I don’t have to engage you to make a sale. In fact, I won’t engage you to make a sale.

I’ll engage you because I like you.

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Automation doesn’t have to be a Four-Letter Word

Automation.

Did that word just send a shiver up your spine? Let me say it again: automation. (Do it again. Automation, automation, automation!)

I personally don’t think that automation is the problem when it comes to Twitter and other social media sites. Rather, like with most things, I think it is what people have done with automation tools that is the problem. It’s like blaming guns for people who shoot other people. Some bloggers rely on these tools or base their social media strategy almost entirely on automation, and that mindset has pretty much ruined it for the rest of us.

I have a confession: I don’t mind a little automation. I know that some of you are shuddering at the thought, but let me explain.

First, to me it makes sense for you to set up things up so that your link is automatically tweeted or updated to Facebook when you initially post it. I mean, if everything you write is awesome (and it should be), you’re going to want people to know about it. Why not cut down on the work you have to do and just automate it? You’re going to post the link anyway, and frankly, people are following you for a reason. I don’t follow a blogger if I’m not interested in what he or she posts. If they don’t post links, I might not remember to read their posts. I’m a busy girl.

So to me, automatically posting your link to Twitter or Facebook is just like your RSS subscribers being automatically notified when you update your blog. No big deal.

But the blog zombies have warped that notion of automatically updating social media. Instead of tweeting a link once, they tweet it multiple times – and they set up automation tools to do it. Dude. I saw your new post the first thirty times you tweeted. I think we all can agree that some bloggers overdo the automation to promote new posts.

And then there’s the bloggers who use automation services (like the Tweet Old Post tool) to automatically promote old posts. I’ve seen this done well and I’ve seen this done in really crappy ways.

In all honesty, I don’t mind if you send out some old links. I peruse Twitter mainly late at night when there’s not a lot of activity, and automating your tweets so that when you’re sleeping you send out some links to awesome posts doesn’t bother me. I like to explore and find links I might have missed the first time around. But here are a few things to consider:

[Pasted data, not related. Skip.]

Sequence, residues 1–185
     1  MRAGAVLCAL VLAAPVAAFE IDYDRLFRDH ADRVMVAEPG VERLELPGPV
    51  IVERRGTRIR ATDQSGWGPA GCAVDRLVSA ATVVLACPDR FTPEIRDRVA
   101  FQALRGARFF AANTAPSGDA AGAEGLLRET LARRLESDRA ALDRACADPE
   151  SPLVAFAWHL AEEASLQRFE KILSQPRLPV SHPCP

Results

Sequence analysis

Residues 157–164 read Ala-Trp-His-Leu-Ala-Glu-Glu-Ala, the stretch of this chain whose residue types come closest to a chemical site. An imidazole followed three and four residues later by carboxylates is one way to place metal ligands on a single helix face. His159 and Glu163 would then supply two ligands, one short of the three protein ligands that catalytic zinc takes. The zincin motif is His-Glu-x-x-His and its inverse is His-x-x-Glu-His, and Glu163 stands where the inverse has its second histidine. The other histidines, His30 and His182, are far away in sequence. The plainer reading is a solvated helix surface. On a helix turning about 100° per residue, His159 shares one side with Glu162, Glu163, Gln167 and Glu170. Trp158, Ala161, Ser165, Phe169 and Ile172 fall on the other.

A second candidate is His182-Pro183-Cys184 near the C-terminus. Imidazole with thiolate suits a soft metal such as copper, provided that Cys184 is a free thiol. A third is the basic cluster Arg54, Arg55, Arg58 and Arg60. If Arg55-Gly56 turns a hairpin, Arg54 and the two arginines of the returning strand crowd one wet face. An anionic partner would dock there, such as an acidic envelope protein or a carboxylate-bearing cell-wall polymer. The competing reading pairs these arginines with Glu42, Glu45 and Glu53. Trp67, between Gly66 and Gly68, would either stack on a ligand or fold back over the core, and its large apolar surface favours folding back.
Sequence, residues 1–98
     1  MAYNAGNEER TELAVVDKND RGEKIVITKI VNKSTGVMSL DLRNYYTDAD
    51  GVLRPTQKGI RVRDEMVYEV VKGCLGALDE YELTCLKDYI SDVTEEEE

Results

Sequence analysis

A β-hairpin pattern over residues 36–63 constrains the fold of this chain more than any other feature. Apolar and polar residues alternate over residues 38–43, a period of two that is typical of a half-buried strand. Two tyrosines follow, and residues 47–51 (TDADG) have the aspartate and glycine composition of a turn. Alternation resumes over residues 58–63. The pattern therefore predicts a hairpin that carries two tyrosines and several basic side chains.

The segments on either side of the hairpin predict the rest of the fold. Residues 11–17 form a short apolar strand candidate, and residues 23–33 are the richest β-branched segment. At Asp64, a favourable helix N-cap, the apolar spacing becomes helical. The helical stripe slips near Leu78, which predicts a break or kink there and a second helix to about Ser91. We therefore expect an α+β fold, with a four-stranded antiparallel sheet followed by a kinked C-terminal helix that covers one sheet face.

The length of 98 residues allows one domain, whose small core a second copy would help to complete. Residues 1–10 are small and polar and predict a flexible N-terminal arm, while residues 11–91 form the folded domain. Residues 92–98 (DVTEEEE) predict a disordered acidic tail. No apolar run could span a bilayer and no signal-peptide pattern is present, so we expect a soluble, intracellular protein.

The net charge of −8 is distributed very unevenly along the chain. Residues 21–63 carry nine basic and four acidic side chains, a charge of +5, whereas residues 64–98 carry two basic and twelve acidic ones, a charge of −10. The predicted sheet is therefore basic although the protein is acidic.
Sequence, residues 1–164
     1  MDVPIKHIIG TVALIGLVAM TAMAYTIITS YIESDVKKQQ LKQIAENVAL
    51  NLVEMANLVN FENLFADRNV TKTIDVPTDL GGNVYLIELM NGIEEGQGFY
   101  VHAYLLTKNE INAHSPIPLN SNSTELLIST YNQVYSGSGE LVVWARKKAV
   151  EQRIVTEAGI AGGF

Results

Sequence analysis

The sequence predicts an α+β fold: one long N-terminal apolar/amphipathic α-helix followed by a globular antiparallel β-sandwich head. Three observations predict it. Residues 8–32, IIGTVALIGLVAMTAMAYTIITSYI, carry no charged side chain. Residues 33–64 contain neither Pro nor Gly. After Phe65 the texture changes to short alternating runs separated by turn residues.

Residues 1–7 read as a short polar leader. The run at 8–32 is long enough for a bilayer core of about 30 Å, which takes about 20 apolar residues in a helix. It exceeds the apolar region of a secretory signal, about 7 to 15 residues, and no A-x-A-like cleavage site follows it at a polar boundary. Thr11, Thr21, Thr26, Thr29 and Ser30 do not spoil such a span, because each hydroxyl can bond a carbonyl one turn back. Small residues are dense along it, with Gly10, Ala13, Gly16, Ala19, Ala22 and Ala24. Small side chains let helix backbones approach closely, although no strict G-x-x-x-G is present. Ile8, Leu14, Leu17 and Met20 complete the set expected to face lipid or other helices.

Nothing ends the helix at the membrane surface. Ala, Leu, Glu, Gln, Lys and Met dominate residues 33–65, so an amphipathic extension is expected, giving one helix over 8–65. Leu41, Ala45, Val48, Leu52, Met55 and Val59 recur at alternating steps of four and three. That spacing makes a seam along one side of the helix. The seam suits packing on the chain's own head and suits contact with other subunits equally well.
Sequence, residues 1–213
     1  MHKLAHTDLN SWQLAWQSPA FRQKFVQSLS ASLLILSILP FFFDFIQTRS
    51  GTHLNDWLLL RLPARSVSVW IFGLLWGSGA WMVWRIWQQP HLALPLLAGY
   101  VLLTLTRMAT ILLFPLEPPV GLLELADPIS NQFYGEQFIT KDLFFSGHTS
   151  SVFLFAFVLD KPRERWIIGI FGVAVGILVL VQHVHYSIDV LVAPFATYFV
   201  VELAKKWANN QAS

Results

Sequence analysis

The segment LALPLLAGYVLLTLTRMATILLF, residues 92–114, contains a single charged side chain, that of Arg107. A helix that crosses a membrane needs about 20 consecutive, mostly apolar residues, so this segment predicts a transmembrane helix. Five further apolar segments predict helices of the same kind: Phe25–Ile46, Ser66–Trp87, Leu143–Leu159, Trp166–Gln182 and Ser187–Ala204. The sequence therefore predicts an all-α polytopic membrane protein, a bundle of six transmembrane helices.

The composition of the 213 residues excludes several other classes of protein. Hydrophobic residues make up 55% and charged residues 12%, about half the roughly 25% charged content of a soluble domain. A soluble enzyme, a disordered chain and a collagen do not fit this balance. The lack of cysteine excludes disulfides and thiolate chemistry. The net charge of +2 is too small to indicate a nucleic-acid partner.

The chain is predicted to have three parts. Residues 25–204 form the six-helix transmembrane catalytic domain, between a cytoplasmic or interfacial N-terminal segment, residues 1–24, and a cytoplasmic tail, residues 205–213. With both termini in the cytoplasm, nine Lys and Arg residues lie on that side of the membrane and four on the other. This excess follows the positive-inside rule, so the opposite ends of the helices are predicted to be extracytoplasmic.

• I don’t need a new link every 15 minutes even at night and I certainly don’t need that kind of link density during the day when you’re also tweeting status updates and sending out links to other bloggers’ posts.
  • When you automatically tweet links to time-sensitive posts, like site updates, you look stupid. Use the options to prevent this from happening.

Seriously, automation of old posts isn’t right for everyone. Don’t be a schmuck. If you’re going to automate your old posts, be intelligent about it.

But let’s talk about the worst type of automation of all…the auto-DM.

Talk about a shiver going up your spine! Auto-DMs are something that everyone rants about. They’re the devil! They make you look really bad!

So…why do some people still do them?

I think, sometimes, we forget that as bloggers, we expect different things than our readers might expect. Now, if you blog about social media, blogging, internet marketing, etc. and your followers are professions in the online field, an auto-DM probably isn’t a good idea. But if your followers are a different group? Well, I’m not saying that it is a good idea, but I’m not saying it isn’t a good idea. It depends on your audience.

Don’t auto-DM people because you’re too lazy to connect with your followers. Consider it if you’re using it for another purpose. Once, I followed a company that had a very active social media manager. I got an auto-DM, which surprised me. But it wasn’t the typical “Thanks for the follow! I’m too lazy to actually say thank you, but here’s a bunch of spammy links.” I can’t remember it word-for-word, but it was something like, “Thanks for following. This is an automated DM, but we wanted to make sure all of our followers got a coupon, so here it is: *link*”

Heck yes, I want a coupon! They were transparent about the DM being automated and they had a good reason for doing it, so I approved…and I’m a social media person. I bet that most of their fanbase (non-social-media-people) eat that sh*t up. Seriously, if my mom was on Twitter, she would love  that.

The point is, automation doesn’t have to be bad. You just have to be smart about it. Don’t try to trick your readers. Don’t use it because you’re lazy. Don’t be annoying with so much automation that people get sick of you.

Like with everything, do what makes sense for you. Don’t be like the zombie who abuses automation, but also don’t be like the zombie who isn’t open-minded enough to understand that automation can make sense in some cases for some bloggers.